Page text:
MELBOURNE, Australia - Leander Paes and Radek Stepanek denied Bob and Mike Bryan their record 12th Grand Slam doubles title, beating the American twins 7-6 (1), 6-2 in the final of the Australian Open. The Woodies could probably sleep a little easier Saturday night.
The 33-year-old Bryans were attempting to secure their place as the most decorated doubles team since the Open Era began in 1968. The brothers remain level on 11 major titles with the Australian duo of Mark Woodforde and Todd Woodbridge, also known by their nickname the Woodies.
"Obviously, it's disappointing," Bob Bryan said. "But you know, I thought we have had a great Australian swing, and we're playing, at least I'm playing a lot better than I did last year already. It bodes well for the rest of the year."
Paes and Stepanek are veteran doubles players but were teaming up for just the fourth time. Before partnering for a tuneup event at Sydney earlier this month, where they lost to the Bryan brothers, the Indian and Czech duo hadn't played together for nearly six years.
After Mike Bryan double-faulted on match point, Paes leaped into Stepanek's arms and the pair swung around at midcourt. They both then reached up to stands to give high-fives to Martina Navratilova, with whom Paes won the mixed doubles trophy at the Australian Open in 2003.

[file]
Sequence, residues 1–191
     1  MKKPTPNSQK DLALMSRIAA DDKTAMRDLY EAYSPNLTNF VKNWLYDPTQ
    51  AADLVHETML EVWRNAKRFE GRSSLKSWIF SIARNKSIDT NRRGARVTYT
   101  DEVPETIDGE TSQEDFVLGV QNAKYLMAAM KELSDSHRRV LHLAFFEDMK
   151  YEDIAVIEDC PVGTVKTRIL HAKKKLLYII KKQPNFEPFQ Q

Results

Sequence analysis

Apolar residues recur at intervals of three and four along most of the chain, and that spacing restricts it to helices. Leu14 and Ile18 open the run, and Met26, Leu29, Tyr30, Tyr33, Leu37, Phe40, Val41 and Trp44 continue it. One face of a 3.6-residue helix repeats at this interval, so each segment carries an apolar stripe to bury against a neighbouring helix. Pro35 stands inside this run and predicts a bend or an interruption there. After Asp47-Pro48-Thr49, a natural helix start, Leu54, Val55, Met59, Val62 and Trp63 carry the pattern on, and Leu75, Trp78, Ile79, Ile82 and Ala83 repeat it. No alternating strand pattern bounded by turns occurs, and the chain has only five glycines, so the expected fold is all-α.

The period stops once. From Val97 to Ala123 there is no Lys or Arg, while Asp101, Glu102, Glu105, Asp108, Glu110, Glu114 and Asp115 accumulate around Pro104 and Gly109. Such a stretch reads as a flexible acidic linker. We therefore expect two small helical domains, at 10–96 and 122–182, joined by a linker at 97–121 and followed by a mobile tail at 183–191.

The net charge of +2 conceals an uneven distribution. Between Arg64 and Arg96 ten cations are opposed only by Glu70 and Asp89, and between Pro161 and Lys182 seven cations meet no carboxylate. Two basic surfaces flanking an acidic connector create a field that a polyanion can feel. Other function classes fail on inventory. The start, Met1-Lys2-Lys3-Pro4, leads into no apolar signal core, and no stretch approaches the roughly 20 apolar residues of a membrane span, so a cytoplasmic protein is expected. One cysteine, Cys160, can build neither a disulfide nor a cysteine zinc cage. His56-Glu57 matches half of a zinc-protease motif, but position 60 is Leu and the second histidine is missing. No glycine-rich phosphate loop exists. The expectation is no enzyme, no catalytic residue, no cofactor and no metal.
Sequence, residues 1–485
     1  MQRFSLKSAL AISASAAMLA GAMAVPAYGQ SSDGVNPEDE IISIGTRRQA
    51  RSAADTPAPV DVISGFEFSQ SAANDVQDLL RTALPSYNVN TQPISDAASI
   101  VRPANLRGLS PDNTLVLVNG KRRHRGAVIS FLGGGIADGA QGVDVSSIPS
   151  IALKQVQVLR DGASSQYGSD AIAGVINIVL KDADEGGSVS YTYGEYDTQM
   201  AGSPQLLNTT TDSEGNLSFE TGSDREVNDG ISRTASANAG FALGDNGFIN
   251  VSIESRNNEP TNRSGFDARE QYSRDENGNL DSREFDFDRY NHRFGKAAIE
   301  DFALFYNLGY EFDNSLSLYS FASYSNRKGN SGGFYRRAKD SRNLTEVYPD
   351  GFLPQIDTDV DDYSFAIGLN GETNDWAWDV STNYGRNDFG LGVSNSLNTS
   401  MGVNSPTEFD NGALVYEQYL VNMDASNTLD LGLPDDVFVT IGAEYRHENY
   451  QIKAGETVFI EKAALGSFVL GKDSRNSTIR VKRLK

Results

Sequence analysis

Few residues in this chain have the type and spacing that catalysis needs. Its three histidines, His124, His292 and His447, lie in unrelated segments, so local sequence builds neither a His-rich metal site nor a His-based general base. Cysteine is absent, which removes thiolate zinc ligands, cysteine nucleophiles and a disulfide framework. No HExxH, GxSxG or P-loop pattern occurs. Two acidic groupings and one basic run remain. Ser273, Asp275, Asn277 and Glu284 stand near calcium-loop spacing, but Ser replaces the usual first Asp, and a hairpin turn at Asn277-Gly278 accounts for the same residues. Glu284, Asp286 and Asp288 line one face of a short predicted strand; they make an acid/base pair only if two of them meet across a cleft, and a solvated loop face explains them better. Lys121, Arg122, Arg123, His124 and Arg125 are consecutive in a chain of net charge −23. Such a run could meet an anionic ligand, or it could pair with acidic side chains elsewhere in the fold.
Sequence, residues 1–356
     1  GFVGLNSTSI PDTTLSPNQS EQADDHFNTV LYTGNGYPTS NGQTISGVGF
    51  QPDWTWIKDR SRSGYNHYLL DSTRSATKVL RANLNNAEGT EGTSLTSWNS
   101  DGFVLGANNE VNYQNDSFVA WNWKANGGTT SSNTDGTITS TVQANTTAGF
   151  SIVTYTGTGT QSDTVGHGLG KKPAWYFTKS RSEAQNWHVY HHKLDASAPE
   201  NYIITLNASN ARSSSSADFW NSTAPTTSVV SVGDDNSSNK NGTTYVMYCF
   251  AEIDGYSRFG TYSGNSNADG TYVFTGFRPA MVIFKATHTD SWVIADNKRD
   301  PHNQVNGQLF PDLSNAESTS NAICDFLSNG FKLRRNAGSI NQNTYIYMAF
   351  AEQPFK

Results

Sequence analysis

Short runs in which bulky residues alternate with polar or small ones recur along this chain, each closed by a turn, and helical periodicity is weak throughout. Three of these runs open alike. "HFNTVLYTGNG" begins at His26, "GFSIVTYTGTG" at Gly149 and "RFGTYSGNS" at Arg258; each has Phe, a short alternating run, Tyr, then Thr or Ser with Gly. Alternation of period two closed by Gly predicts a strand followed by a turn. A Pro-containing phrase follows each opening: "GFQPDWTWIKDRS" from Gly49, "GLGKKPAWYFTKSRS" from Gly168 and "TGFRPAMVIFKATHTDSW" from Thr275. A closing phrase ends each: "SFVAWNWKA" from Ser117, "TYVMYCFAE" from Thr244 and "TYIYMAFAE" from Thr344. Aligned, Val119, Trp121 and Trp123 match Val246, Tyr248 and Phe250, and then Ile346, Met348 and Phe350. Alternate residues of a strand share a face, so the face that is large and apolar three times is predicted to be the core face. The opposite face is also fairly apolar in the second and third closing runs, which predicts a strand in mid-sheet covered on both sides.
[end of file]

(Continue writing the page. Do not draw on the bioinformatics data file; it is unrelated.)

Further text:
The Bryans have captured each major at least once, but they've been most dominant at Melbourne Park, where they've won three straight Australian titles and five overall. They hadn't lost here since the quarterfinals in 2008.
Bob Bryan has a special prize waiting for him at home. His wife was due to give birth to the couple's first child on Saturday and he's planning to catch a Sunday morning flight back home to Miami to try to be there in time.
"I have something to look forward to going home, so my mind is going to get off the match a lot quicker than it usually would after a final like this," he said.
For the 38-year-old Paes, the victory marks a career milestone. By winning the Australian Open, he completed a career doubles Grand Slam, adding to his three French Open titles, two U.S. Open titles and one Wimbledon title.
"It's many years of hard work," Paes said. "I put in many, many years. I have been in 25 plus years into the game of tennis, and it's given me so much. The reason I can still win Grand Slams is, one, I know how to pick great partners; and, two, I'm very passionate about my daily schedule.
"Every day I put myself on the line, and that's a lot of fun."
It was Stepanek's first major doubles title. The Czech player lost in his only other final at the 2002 U.S. Open.
Paes and Stepanek dominated the first-set tiebreak, taking advantage of rare misses by the brothers and a couple of deft volleys by Paes to capture six straight points.
The pair then broke the Bryans immediately in the second set on a Stepanek crosscourt volley winner to go up 2-0. The Bryans had a chance to break back at 2-4, but Paes saved it with another sharp volley.
Paes, a former No. 1 doubles player, has a shot to pick up another trophy at Melbourne Park, too. He's in the mixed doubles final with partner Elena Vesnina on Sunday, playing against Horia Tecau and Bethanie Mattek-Sands.
The Bryans will have another shot at the Grand Slam record at the French Open in a few months. Even though one of them is soon to be a father, they don't have plans to stop playing anytime soon.
"We both feel young," Bob Bryan said. "If we want to play this sport for another seven years, it's going to be there for us if we stay healthy.
"The singles game, as you see, is just incredibly physical. Guys, if they can get past 30, it's amazing. But doubles, 40, 40 seems to be the age now."